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Bailey v. Holsten Management Corp.

United States District Court, N.D. Illinois, Eastern Division

May 29, 2015

JAMES BAILEY, Plaintiff,
v.
HOLSTEN MANAGEMENT CORP., PETER HOLSTEN, and JACKIE TAYLOR-HOLSTEN, Defendants.

MEMORANDUM OPINION AND ORDER

HON. JORGE L. ALONSO United States District Judge

Plaintiff, proceeding pro se, sues defendants for their alleged violations of his constitutional rights and for fraud and breach of contract. The case is before the Court on defendants’ Federal Rule of Civil Procedure 12(b)(6) motion to dismiss the first amended complaint. For the reasons set forth below, the Court grants in part and strikes as moot in part the motion.

Facts

On July 30, 2013, plaintiff started to work for defendant Holsten Management. (1st Am. Compl. ¶ 7.) In May 2014, plaintiff’s manager, Hector, said plaintiff picked up a machete wall decoration and pounded it against his hand while Hector was speaking to him. (Id. ¶¶ 8, 33.) As a result of Hector’s report, on June 2, 2014, defendants fired plaintiff. (Id. ¶ 13.)

Discussion

On a Rule 12(b)(6) motion to dismiss, the Court accepts as true all well-pleaded factual allegations of the complaint, drawing all reasonable inferences in plaintiff’s favor. Hecker v. Deere & Co., 556 F.3d 575, 580 (7th Cir. 2009). “[A] complaint attacked by a Rule 12(b)(6) motion to dismiss does not need detailed factual allegations” but must contain “enough facts to state a claim for relief that is plausible on its face.” Bell Atl. Corp. v. Twombly, 550 U.S. 544, 570 (2007).

Federal Claims

In his first, third, and sixth causes of action, plaintiff seeks to hold defendants liable under 42 U.S.C. § 1983 for violating his constitutional rights. However, “the conduct of private parties lies beyond the Constitution’s scope.” Air Line Pilots Ass’n, Int’l v. Dep’t of Aviation of City of Chi., 45 F.3d 1144, 1149 (7th Cir. 1995); see Hallinan v. Fraternal Order of Police of Chi. Lodge No.7, 570 F.3d 811, 815 (7th Cir. 2009) (“The First and Fourteenth Amendments to the Constitution protect citizens from conduct by the government, but not from conduct by private actors, no matter how egregious that conduct might be.”). Further, § 1983 imposes liability only on local government actors and private parties who exercise local government authority. See § 1983 (creating a cause of action against “[any] person who, under color of any statute, ordinance, regulation, custom, or usage, of any State” deprives another of a constitutional right); Payton v. Rush-Presbyterian-St. Luke’s Med. Ctr., 184 F.3d 623, 628 (7th Cir. 1999) (stating that “§ 1983 may also be brought to bear on private individuals who exercise government power”) (citing Erwin Chemerinsky, Federal Jurisdiction, 464-65 (3d ed. 1999)). Moreover, private action only becomes state action when:

[P]rivate actors conspire or are jointly engaged with state actors to deprive a person of constitutional rights; where the state compels the discriminatory action; when the state controls a nominally private entity; when it is entwined with its management or control; when the state delegates a public function to a private entity; or when there is such a close nexus between the state and the challenged action that seemingly private behavior reasonably may be treated as that of the state itself.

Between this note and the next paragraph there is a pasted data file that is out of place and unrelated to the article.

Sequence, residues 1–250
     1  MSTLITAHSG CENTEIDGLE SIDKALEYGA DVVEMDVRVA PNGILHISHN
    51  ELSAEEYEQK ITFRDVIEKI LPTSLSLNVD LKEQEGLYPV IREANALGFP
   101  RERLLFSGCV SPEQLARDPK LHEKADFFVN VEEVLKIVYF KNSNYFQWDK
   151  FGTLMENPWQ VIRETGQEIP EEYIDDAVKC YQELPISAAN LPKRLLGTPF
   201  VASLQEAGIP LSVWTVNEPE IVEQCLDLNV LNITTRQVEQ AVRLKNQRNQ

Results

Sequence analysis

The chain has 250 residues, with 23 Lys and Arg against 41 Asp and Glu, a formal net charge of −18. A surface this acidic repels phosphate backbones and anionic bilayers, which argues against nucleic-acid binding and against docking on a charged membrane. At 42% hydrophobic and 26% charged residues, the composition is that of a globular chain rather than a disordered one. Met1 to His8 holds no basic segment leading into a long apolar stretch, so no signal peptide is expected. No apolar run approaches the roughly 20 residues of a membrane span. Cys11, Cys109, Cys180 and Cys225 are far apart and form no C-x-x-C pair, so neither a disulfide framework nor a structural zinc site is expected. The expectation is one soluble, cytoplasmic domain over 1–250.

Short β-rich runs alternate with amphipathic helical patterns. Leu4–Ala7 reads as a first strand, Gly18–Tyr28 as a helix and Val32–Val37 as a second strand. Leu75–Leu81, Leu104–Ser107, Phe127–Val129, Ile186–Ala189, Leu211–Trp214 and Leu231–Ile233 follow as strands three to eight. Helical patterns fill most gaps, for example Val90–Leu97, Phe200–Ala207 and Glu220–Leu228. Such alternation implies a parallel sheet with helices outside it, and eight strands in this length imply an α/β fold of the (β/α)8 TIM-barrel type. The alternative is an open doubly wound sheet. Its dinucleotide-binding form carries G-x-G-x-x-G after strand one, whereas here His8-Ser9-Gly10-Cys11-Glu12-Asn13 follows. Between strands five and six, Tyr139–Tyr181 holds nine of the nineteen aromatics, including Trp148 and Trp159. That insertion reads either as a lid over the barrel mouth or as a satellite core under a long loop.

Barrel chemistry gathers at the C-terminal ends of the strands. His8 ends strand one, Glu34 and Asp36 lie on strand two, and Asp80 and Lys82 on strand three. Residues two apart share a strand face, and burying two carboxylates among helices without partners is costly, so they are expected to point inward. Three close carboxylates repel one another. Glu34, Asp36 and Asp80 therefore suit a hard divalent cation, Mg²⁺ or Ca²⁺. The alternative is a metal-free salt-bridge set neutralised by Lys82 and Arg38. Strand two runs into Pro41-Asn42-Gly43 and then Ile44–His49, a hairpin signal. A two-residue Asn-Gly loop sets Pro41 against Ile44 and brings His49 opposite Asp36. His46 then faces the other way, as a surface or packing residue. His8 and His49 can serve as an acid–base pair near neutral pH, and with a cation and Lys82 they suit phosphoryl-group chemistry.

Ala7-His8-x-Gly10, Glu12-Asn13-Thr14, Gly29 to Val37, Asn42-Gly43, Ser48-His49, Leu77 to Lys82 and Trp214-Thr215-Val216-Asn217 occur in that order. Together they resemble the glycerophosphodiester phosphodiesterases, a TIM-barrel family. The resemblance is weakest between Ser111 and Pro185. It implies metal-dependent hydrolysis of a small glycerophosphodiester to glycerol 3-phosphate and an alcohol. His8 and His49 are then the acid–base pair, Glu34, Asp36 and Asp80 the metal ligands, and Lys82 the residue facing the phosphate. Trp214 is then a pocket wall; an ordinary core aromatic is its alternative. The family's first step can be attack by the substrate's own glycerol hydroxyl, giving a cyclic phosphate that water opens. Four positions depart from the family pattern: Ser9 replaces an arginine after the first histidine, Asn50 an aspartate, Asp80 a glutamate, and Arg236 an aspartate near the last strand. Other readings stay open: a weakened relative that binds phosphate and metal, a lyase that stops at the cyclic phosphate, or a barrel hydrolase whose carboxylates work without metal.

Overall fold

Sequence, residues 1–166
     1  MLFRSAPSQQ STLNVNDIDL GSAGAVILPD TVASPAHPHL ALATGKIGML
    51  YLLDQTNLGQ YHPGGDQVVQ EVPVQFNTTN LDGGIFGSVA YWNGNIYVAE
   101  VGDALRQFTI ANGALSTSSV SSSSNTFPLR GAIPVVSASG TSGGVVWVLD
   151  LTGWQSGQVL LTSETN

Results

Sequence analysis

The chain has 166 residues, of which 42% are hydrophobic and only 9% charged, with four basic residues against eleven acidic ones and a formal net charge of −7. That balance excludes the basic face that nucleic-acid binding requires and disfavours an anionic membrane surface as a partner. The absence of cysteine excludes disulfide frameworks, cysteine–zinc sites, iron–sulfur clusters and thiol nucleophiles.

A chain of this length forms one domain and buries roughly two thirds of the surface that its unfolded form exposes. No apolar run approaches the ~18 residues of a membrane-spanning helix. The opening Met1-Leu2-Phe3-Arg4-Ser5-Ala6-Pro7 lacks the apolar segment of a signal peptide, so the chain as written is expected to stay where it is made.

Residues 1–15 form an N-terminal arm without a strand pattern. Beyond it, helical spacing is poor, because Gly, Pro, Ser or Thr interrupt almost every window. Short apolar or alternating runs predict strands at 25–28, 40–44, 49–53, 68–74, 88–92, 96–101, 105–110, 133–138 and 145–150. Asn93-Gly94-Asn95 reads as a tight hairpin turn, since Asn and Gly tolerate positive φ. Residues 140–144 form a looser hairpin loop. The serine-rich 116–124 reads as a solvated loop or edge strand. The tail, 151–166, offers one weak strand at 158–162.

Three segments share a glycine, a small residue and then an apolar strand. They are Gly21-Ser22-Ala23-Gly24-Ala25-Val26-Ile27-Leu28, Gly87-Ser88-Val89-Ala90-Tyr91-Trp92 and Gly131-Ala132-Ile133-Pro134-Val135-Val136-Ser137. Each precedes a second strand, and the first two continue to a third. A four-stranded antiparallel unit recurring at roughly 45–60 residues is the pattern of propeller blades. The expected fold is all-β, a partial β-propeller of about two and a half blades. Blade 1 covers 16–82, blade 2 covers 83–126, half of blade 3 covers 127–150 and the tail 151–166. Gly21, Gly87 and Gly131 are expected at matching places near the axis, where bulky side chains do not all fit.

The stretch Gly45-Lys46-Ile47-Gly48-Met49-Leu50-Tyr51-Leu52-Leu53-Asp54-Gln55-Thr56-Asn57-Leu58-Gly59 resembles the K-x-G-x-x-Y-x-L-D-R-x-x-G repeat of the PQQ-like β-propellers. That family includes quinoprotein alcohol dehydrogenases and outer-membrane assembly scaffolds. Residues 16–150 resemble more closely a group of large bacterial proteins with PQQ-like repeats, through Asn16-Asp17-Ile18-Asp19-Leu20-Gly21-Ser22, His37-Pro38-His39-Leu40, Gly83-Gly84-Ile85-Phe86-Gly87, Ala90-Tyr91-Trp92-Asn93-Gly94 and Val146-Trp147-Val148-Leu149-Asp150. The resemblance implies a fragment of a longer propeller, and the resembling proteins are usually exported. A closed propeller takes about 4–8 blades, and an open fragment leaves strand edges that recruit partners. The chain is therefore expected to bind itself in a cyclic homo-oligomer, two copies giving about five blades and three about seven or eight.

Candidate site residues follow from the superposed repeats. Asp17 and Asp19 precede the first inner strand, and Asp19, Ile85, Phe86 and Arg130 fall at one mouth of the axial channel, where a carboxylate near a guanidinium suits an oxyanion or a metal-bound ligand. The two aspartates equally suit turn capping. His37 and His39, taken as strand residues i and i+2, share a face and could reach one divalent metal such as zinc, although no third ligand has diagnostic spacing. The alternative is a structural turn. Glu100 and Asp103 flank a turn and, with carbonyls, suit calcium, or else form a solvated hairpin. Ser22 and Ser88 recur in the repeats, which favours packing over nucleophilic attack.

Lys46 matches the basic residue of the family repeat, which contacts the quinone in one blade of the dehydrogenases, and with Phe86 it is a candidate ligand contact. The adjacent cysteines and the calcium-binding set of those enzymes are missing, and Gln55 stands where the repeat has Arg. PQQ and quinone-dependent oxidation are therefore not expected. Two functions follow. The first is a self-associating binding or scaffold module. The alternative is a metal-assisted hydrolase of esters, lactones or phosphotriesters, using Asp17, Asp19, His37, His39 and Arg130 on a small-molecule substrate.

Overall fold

Hallinan, 570 F.3d at 815-16 (citations omitted).

Plaintiff alleges none of these things. Rather, he argues that defendants should be considered state actors because they are “employees” within the meaning of the Social Security Act and receive funding from the Department of Housing and Urban Development (“HUD”). Even if these were state, rather than federal, programs, defendants’ status as potential recipients of Social Security benefits and current recipients of HUD funding would not make them state actors. See id.; see also Rendell-Baker v. Kohn, 457 U.S. 830, 840-42 (1982) (holding that receiving state funding, “performing public contracts, ” or “serving a ‘public function’” does not transform a private party into a state actor). Because plaintiff has not alleged that defendants are state actors, and given the law and facts as he has alleged them, clearly cannot do so, his first, third, and sixth causes of action are dismissed with prejudice.

In his second claim, plaintiff alleges that defendants terminated him in violation of Title VII and § 1981. However, in his response to defendants’ motion to dismiss, plaintiff states that his first amended complaint “does not allege race discrimination, ” “does not allege employment discrimination, ” “[does] not allege discrimination in any way, ” and is “not about employment discrimination.” (See Pl.’s Mem. Opp’n Mot. Dismiss at 11-12.) Given plaintiff’s representation, the Court deems him to have withdrawn his second cause of action.

State-Law Claims

Because the Court has dismissed all of the federal claims in this suit, it declines to exercise supplemental jurisdiction over plaintiff’s fourth and fifth causes of action, state-law fraud and breach of contract claims. See 28 U.S.C. § 1367(c)(3) (stating that “[t]he district court[] may decline to exercise supplemental jurisdiction over a claim . . . if . . . [it] has dismissed all claims over which it has original jurisdiction”).

Conclusion

For the reasons set forth above, the Court grants in part and strikes as moot in part defendants’ motion to dismiss the first amended complaint [22]. The motion is granted with respect to plaintiffs first, third, and sixth causes of action, which are dismissed with prejudice, and stricken as moot with respect to the second cause of action, which plaintiff has withdrawn, and the state-law claims in plaintiff’s fourth and fifth causes of action, which are dismissed without prejudice to refiling in state court. This case is terminated.

SO ORDERED.


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